Lahore: Sacked Pakistan captain Shahid Afridi was on Thursday slapped with a hefty fine of 4.5 million rupees by the PCB disciplinary committee after he pleaded guilty of breaching the Cricket Board's Code of Conduct at a hearing.
Afridi was, however, granted no-objection certificate to play abroad, clearing the way for his appearance for Hampshire in English Twenty20 tournament.
The all-rounder pleaded guilty before the four-member committee to the charges of violating his central contract clauses in unilaterally announcing his retirement and criticising the PCB and its officials.
"The committee unanimously decided to fine him 4.5 million rupees (USD 53,000) for various breaches of code of conduct," PCB legal advisor Tafazzul Rizvi told reporters here.
"The committee recommended his NOCs to play abroad be restored, which Pakistan Cricket Board has endorsed," he said.
Reacting to the committee ruling, Afridi said he will not appeal against the imposition of fine.
"No, I will not appeal, the fine is okay with me. I attended the hearing basically because I wanted to resolve this matter as it has caused Pakistan cricket harm," he said.
"I am glad the matter is over now and I have got my NOC. I am thankful to the disciplinary committee for listening patiently to me and in a good atmosphere."
He said he is not interested in playing international cricket at the moment.
"Right now I am not thinking about playing international cricket. But I will be going to England to play for Hampshire. Let us see I have time before I decide anything about my future international career," he said.
Rizvi said due to circumstances involved in the dispute, Afridi was slapped a fine and not handed a harsher punishment.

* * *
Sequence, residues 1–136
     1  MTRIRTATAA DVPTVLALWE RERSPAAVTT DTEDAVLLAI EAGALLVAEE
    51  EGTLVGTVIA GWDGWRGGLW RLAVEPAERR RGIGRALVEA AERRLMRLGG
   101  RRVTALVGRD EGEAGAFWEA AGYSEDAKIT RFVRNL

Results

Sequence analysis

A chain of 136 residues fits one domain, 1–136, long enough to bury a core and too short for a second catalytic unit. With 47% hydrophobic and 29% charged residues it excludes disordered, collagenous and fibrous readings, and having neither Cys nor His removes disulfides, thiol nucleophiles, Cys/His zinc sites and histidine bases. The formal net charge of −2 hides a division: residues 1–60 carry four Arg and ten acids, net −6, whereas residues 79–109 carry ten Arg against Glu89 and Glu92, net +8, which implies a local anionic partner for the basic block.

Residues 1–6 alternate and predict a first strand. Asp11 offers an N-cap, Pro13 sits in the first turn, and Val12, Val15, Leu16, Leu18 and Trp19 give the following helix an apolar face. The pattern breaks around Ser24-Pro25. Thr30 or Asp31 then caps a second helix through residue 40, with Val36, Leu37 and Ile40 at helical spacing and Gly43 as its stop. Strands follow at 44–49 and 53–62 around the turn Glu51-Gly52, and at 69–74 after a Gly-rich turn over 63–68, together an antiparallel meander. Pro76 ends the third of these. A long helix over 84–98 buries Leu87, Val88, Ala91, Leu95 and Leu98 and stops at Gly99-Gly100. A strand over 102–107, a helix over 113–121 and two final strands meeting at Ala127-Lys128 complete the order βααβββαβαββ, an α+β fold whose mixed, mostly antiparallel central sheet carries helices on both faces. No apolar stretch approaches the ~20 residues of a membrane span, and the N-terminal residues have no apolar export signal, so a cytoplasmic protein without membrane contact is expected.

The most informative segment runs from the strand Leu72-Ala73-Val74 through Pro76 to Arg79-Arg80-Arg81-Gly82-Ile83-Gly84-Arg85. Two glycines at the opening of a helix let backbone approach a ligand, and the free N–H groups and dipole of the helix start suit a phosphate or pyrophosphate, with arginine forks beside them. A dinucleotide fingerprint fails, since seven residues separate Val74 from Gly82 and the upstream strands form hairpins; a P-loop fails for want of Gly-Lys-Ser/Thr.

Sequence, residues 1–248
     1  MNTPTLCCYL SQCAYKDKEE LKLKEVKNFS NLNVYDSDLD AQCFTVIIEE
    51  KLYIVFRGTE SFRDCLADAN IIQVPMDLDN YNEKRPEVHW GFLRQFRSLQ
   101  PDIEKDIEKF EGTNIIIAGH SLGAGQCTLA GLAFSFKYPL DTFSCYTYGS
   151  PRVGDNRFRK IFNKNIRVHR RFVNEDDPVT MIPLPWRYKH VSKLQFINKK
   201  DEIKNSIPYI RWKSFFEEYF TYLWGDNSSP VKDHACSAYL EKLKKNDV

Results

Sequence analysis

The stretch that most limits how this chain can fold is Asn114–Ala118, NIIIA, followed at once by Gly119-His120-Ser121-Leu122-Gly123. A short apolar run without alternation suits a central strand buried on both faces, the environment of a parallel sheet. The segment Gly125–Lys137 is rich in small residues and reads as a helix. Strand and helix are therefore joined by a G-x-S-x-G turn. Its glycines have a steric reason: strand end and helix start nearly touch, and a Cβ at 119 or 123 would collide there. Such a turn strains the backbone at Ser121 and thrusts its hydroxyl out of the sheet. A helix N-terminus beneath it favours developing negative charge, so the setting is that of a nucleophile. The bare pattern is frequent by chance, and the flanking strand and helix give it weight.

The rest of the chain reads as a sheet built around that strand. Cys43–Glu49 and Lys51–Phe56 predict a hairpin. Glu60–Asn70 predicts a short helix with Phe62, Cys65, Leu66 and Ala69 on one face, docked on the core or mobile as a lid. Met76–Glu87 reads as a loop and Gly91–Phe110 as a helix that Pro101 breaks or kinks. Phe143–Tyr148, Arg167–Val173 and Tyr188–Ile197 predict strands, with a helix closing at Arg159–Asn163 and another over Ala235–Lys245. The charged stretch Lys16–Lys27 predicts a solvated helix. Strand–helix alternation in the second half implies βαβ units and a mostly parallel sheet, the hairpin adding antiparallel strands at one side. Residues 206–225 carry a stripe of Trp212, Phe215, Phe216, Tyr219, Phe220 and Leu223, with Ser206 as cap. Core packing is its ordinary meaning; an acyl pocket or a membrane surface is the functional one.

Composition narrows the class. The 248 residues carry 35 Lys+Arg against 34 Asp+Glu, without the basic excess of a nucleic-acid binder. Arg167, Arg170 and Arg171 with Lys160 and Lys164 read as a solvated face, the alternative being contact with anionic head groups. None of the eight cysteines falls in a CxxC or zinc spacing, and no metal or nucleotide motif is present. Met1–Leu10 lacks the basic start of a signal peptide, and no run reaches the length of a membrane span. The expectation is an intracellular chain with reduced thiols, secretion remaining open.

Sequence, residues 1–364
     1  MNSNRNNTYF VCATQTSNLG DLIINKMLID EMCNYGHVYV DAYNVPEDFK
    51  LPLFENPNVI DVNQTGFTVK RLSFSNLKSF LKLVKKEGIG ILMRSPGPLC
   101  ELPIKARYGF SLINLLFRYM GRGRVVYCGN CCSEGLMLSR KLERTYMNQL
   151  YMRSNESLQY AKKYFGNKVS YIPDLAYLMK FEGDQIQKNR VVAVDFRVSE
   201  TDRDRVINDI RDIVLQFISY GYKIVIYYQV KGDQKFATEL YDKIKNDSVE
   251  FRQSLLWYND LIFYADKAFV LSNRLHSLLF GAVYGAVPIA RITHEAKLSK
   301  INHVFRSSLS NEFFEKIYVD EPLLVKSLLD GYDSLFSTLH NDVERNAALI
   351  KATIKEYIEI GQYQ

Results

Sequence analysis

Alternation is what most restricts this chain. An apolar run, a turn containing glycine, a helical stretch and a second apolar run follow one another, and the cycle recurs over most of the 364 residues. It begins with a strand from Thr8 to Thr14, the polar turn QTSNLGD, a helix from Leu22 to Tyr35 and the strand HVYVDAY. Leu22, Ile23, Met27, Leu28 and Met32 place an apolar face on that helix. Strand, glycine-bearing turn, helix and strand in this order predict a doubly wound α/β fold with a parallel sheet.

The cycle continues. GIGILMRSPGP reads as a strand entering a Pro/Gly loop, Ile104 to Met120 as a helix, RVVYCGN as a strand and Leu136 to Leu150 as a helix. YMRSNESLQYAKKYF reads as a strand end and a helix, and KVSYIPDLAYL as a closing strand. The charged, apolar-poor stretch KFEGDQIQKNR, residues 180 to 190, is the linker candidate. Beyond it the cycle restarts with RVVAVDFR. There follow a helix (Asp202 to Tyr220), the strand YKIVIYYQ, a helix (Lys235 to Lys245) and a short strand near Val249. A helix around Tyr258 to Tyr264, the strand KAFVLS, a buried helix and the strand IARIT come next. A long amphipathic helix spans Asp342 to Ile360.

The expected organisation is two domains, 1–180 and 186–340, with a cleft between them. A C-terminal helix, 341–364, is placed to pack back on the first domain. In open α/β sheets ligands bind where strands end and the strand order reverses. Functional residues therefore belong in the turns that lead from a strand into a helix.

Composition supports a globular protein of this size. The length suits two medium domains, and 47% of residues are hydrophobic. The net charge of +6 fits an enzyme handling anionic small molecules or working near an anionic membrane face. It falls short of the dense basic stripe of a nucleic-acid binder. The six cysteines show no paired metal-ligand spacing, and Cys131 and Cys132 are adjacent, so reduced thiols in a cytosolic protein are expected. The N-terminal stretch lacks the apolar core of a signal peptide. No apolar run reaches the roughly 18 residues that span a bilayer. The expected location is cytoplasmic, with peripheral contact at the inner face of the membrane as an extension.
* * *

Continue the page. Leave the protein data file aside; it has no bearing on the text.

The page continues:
"Afridi accepted his guilt and due to mitigating circumstances the committee decided to only impose a fine on him," Rizvi said.
The PCB announced the decisions of the disciplinary committee, headed by Sultan Rana, nearly three hours after the hearing.
Earlier in the day, Afridi had refused to apologise for his alleged violation of PCB Code of Conduct but said that he would accept the verdict of the disciplinary committee.
"I admit I have made mistakes but circumstances forced me to do things. But I have not apologised to the committee," Afridi had told reporters after the hearing.
Rizvi said the entire hearing procedure was according to the PCB Code of Conduct and constitution.
PCB senior official Subhan Ahmed said the fine would be recovered from Afridi by deducting from his payments by the Board.
He also made it clear that Afridi had only been given NOC to play for Hampshire.
"If he wants to play in another foreign league he has to apply afresh for the NOC," he said.
Afridi was charged earlier this month with breaching the PCB Code of Conduct by abruptly announcing his retirement from international cricket to the media and making disparaging comments about Board officials.
He announced his retirement after the PCB removed him as captain for a one-day series against Ireland.
He then filed petition before the Sindh High Court challenging the disciplinary proceedings against him and also demanding for an independent tribunal to hear his case.
But after meeting with PCB Chairman Ijaz butt in Islamabad earlier this week, Afridi changed his mind and withdraw his petition from the High Curt and agreed to appear before the disciplinary committee.
Afridi was also fined three million rupees by the Board last year after the Australian tour for his offence of tampering with the ball during the fifth ODI at Perth.
He appealed to Butt and the fine was revoked after the PCB chairman said the player had already been punished by the ICC for the same offence.